Image of McCormick Hall McCormick Hall
Presentation Drawing, McCormick Hall, Katharine Dexter McCormick and Herbert Beckwith, 1963

McCormick Hall Presentation Drawing

Herbert Beckwith

1963

Katharine Dexter was a determined young woman, so enthusiastic about MIT that she spent seven years obtaining her SB degree: three years of math and science as a special student followed by four years studying the course in biology. Shortly after graduation in 1904, she married Stanley McCormick, son of the McCormick Reaper Company founder. Within three years, Stanley succumbed to severe mental illness, ultimately confined until his death in 1947 at age 73. Despite this tragedy, Katharine lived a life of great purpose, a champion for women’s suffrage and a key underwriter of oral contraceptive research. In 1959, she decided to focus on women at her beloved MIT. Because the policy for fixing the numbers of women was based on the Institute’s ability to house them, she proposed a deceptively benign gift: a new dormitory. Stanley McCormick Hall opened in 1963, and the numbers of women immediately jumped: from 76 in 1950 to 248 in 1963. Katharine died in 1967 just after McCormick Hall women hosted the first major national conference on women in science and engineering. The transformative effects of Katharine McCormick’s gift continue to be felt more than four decades later—and are evident in an undergraduate student body with equal numbers of men and women and in the hiring of the Institute’s first woman president, Susan Hockfield.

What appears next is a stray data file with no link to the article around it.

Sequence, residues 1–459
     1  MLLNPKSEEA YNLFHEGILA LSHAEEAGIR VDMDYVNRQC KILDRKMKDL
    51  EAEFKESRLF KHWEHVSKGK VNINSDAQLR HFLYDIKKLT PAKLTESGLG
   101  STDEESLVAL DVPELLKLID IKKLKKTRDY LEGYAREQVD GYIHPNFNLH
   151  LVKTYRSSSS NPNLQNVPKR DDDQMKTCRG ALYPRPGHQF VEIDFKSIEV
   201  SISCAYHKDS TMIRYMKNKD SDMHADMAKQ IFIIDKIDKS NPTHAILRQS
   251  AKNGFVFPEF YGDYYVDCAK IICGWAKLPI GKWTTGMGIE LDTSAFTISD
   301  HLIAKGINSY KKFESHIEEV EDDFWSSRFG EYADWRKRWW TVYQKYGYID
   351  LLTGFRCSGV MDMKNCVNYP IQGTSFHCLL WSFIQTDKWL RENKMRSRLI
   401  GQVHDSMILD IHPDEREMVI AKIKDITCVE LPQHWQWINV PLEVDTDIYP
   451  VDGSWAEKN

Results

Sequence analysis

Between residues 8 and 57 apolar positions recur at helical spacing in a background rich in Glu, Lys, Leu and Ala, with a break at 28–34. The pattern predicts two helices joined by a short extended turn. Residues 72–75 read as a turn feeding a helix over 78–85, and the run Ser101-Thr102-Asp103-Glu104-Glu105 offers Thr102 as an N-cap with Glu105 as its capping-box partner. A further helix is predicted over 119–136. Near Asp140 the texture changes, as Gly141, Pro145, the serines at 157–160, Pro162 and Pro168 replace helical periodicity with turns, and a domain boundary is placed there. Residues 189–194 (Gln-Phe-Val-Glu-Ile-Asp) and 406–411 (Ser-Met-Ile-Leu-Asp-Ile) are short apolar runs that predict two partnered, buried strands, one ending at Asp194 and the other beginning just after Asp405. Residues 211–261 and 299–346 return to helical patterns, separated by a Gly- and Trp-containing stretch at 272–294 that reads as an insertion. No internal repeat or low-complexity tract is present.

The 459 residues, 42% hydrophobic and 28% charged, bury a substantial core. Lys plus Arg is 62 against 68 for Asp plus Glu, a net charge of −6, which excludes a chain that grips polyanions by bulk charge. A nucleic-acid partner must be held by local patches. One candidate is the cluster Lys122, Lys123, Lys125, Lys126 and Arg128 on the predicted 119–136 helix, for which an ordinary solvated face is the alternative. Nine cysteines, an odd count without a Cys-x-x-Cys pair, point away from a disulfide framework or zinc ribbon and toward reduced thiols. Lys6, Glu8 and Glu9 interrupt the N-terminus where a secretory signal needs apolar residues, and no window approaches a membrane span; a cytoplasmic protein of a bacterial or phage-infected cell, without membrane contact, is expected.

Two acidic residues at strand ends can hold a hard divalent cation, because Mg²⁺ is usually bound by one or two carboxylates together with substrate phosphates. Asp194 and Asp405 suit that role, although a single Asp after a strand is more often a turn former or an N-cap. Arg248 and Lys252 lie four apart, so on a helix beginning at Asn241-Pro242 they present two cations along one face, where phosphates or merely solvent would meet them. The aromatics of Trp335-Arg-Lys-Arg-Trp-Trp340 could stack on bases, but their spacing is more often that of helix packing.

MIT Professor Herbert Beckwith was the architect for McCormick Hall. His presentation drawing is on loan from McCormick Hall, MIT.

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  • Mrs. McCormick received her SB in Biology in 1904. She was a major donor to the Fairchild Building in the early 1950′s, and funded the research that led to an effective, commercially successful drug that would control reproductive homones – “The Pill”. She used to invite all the women students to an afternoon tea at her home in the Back Bay each year. She donated Stanley McCormick Hall to house women students, and left MIT an undesignated fund of more than $25 million when she died. The MIT Archives have Mrs. McCormick’s papers:
    http://libraries.mit.edu/archives/exhibits/mccormick/ and the MIT Museum collection includes the trunk she used for traveling to Europe, in which she smuggled back illegal diaphragms for birth control.

    Sarah Simon
    31 Jan 11 at 9:45 pm